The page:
75 Years ago

For science teacher Samuel T. Sims of 1319 W. Seventh, the philosophy of “you are what you eat” is practiced in his experimental garden and on the family’s table.

Sims, a teacher at T. W. Ogg School, has a small but prolific “organic garden” in a small area behind his home. He explains that in the organic gardening concept no poisonous insecticides or commercial fertilizers are used.

“It surprises me that there Is as much hunger In the world when the raw materials for growing food in this manner are so abundant,” Sims says.

Everything used in the garden is a product of other plant and organic material. The bed of the garden is composed of rotted vegetation that is the waste product of previous crops.

The garden bed is now built up about 12 to 14 inches above the surrounding land.

While the rotting vegetable material serves in the place of commercial fertilizer, Sims’ own non-poisonous “insecticide” is a homemade product.

Sims uses a mixture of chili powder and vinegar mixed with water to combat the insects. “When you spray this mixture on the bugs you can see them fall off the plants,” Sims says. He said the mixture works more like a repellent than an insecticide.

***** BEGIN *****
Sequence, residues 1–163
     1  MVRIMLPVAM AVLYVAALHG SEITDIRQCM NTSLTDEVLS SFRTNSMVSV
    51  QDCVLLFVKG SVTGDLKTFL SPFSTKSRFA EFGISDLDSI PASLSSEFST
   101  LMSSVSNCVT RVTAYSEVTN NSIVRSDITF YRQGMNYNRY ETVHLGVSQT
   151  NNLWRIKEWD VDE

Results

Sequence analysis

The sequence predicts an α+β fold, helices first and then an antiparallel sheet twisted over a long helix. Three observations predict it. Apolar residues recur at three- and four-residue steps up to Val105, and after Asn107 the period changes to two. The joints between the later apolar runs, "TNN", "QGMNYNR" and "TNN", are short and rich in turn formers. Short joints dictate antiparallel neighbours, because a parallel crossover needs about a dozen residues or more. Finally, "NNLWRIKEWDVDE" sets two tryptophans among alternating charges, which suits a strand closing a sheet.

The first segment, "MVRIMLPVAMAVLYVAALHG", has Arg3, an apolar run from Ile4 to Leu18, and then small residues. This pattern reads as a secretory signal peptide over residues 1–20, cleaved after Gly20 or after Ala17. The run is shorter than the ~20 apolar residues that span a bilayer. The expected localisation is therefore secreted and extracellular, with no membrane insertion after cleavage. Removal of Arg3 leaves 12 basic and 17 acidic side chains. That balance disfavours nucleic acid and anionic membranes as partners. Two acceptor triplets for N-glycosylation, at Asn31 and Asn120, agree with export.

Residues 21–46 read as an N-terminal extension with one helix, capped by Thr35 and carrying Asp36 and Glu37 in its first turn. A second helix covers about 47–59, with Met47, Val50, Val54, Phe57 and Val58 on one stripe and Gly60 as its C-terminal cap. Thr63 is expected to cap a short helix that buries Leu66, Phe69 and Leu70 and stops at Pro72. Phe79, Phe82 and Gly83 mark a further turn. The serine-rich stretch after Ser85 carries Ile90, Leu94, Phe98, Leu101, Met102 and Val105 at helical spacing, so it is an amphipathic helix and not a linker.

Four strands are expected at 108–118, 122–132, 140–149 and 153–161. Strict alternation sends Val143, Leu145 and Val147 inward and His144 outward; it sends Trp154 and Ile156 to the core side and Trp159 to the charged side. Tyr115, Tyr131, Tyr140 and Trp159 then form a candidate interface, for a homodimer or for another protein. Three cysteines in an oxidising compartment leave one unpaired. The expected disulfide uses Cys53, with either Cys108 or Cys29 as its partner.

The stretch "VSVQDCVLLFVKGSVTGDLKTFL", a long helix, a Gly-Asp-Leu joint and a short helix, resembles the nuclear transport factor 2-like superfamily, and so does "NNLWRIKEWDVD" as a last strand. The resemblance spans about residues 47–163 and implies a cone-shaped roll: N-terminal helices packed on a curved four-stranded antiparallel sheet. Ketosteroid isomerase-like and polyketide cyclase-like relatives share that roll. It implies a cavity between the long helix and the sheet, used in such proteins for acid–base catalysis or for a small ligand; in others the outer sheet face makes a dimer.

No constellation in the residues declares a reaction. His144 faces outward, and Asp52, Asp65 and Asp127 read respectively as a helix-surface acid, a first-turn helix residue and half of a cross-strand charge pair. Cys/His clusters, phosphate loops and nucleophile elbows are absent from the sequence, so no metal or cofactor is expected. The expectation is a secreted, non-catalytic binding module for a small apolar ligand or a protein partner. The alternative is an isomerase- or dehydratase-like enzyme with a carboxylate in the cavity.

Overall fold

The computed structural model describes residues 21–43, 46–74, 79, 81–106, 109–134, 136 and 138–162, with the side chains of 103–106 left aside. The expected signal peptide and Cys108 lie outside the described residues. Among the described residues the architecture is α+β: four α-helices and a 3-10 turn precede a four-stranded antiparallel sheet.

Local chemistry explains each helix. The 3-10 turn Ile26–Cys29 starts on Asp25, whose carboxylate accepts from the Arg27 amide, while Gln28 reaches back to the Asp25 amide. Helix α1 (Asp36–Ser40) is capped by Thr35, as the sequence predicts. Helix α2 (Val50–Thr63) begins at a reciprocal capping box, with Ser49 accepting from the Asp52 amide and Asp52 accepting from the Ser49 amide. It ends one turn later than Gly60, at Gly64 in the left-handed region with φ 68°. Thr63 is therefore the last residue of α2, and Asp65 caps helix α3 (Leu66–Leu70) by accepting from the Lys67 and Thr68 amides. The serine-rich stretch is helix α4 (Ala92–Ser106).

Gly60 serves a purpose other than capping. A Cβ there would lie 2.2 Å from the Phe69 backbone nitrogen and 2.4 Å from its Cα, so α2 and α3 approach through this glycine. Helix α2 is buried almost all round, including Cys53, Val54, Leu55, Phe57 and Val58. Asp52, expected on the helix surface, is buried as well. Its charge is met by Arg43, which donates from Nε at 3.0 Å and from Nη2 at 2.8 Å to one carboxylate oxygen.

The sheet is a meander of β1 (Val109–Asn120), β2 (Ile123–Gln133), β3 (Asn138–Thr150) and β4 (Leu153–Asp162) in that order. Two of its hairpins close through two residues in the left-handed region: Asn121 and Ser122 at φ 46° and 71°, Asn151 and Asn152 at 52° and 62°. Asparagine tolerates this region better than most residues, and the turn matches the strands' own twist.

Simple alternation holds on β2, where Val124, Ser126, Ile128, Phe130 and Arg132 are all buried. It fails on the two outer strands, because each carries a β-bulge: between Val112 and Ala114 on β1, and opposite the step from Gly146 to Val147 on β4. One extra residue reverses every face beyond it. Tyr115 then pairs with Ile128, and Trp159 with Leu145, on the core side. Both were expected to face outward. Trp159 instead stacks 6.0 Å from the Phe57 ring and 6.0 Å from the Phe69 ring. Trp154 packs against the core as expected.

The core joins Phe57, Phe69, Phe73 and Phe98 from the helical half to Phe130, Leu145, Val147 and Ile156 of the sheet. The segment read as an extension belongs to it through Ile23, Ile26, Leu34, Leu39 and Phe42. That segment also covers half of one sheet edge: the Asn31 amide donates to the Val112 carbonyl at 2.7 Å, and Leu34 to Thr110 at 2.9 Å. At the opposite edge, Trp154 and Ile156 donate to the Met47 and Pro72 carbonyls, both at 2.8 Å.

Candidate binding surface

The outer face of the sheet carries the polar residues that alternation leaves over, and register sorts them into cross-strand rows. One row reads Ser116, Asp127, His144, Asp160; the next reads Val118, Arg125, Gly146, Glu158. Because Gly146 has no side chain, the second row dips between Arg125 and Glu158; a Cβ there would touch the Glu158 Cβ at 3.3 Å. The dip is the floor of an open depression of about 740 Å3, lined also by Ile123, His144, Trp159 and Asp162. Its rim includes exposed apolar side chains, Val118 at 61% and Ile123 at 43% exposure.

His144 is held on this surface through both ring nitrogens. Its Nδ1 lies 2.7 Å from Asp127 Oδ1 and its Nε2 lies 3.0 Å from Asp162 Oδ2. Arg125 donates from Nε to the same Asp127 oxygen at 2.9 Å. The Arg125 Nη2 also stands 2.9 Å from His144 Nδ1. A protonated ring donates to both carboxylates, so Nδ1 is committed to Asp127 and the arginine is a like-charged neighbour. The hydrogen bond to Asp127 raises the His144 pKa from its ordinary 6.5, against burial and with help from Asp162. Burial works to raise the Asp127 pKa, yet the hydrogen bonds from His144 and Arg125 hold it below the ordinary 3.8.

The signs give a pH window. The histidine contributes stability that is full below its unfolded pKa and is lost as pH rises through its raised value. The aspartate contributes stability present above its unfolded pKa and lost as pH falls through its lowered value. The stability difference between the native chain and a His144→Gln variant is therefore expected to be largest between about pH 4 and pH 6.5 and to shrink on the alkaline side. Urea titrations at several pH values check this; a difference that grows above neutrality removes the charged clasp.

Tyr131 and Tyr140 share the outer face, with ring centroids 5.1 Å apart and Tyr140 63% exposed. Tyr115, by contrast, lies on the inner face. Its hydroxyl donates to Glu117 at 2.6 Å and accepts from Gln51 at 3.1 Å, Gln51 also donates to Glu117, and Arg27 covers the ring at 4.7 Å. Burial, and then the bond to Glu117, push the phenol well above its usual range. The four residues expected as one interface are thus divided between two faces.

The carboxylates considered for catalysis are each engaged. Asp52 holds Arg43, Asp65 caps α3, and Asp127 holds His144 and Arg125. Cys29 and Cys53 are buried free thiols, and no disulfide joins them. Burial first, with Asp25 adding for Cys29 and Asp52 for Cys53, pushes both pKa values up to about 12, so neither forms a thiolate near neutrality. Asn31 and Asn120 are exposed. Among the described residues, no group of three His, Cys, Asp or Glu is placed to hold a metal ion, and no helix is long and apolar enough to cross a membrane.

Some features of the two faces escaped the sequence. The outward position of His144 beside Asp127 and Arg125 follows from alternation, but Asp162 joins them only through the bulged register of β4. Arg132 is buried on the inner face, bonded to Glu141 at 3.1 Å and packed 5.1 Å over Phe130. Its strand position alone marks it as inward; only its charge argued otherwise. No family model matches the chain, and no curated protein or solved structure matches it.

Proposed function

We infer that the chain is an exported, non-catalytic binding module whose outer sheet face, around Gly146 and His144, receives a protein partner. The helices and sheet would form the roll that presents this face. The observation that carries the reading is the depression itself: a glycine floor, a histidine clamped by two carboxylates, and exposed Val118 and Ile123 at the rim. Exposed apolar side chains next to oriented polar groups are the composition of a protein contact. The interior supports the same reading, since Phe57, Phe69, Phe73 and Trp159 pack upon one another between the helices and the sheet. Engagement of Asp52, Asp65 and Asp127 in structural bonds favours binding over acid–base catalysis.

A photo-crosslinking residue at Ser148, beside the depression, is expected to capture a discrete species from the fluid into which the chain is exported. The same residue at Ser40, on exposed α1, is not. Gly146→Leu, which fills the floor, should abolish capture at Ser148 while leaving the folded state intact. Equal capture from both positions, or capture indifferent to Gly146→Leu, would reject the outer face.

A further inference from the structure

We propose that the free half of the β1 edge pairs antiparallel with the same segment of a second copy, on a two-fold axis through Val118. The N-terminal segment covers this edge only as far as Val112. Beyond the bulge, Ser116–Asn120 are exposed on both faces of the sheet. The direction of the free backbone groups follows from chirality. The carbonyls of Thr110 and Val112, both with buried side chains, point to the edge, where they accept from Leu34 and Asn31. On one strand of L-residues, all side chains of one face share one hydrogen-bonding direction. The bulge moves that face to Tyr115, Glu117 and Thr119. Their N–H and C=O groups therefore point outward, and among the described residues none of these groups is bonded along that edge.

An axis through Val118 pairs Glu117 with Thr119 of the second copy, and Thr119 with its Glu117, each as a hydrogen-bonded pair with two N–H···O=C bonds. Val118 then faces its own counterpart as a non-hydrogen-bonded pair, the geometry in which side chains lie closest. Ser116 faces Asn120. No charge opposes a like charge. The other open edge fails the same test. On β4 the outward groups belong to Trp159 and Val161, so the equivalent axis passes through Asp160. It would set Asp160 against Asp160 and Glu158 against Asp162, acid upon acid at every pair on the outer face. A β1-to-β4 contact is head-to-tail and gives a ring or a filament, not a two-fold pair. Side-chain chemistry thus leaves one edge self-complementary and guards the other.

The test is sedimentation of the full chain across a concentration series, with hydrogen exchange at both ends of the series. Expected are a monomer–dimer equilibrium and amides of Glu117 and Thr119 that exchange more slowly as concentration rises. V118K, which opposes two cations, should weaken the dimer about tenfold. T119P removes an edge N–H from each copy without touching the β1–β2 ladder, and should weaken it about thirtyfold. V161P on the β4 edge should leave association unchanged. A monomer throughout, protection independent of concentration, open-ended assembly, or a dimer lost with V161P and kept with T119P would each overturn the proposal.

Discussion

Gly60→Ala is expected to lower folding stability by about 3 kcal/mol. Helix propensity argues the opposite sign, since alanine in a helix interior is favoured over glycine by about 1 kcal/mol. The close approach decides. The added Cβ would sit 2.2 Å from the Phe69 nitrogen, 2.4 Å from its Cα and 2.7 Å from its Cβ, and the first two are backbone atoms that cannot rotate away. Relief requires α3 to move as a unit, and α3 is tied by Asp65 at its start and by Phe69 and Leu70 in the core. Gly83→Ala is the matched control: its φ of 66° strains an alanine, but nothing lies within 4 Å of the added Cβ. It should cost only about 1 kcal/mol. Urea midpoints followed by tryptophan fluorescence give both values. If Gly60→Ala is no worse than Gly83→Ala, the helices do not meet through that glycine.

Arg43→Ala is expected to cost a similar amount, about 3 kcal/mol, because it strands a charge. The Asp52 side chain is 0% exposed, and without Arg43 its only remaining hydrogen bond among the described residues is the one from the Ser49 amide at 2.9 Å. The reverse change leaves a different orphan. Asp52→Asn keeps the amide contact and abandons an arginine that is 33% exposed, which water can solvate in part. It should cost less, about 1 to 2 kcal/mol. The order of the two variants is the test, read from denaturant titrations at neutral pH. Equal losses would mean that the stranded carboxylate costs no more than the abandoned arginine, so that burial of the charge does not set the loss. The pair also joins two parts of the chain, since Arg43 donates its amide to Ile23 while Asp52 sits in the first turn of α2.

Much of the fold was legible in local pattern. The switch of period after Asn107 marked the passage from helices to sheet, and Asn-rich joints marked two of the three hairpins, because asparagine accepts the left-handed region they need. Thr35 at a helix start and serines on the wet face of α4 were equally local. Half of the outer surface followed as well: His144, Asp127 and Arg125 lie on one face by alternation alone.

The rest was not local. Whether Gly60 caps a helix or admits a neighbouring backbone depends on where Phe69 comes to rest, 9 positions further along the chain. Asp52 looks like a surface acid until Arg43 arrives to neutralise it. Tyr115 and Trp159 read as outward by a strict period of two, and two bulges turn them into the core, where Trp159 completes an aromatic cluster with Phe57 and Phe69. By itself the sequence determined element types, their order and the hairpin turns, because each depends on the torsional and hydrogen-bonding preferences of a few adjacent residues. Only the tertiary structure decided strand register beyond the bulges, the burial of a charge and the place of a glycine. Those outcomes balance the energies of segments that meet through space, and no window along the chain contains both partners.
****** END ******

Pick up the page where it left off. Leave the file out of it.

To produce the mulch used to fertilize the soil, Sims has a power-driven mulching machine which chops vegetation into small pieces. The chopped-up pieces are mixed with soil by a motor-driven cultivating machine.

50 Years ago

Contract was awarded Tuesday and work is expected to get started in about thirty days on Freeport’s downtown concrete paving project, which will see six blocks surfaced and the construction of curb, gutter and sidewalks along these thoroughfares.

Two contractors submitted two bids each on the work, and the proposals were unusually close. Bids were submitted on six and seven blocks of paving, the alternate bid including the block of Broad Street from Park Avenue to Pine Street, which has not yet received government priority.

L. H. Lacy & Co., of Dallas, the successful bidder, submitted a figure of $47,698.22 for the six blocks, which includes Cherry Street from Second to Broad, Broad Street from Sherry through Park Avenue, and both sides of East and West Park Avenue.

International Engineering Co. joint with Martham & Brown of Houston, bid $47,747.52 for the six blocks. This company was low bidder for the seven blocks with $57,183.41, as compared with a figure of $57,425.45 by Lacy & Co.

Lacy & Co. was selected as contractor by the City Council for its low bid on the six blocks and the fact that the firm is already on the site with equipment. The company is doing the state paving job on the approach to the Velasco bridge, widening of Second Street and paving of Pine Street.

15 Years ago

The city might limit residents’ and developers’ ability to cut down trees in an effort to protect disappearing greenery.

The Planning Commission and City Council conducted a joint meeting Monday to discuss ways to stop developers from clear-cutting property, as well as mandate greenbelts in new developments and along the roads, mainly Highway 288, leading into town. Planning commissioners also said they would consider an ordinance banning residents from cutting down trees unless the tree was sick or presented a safety hazard.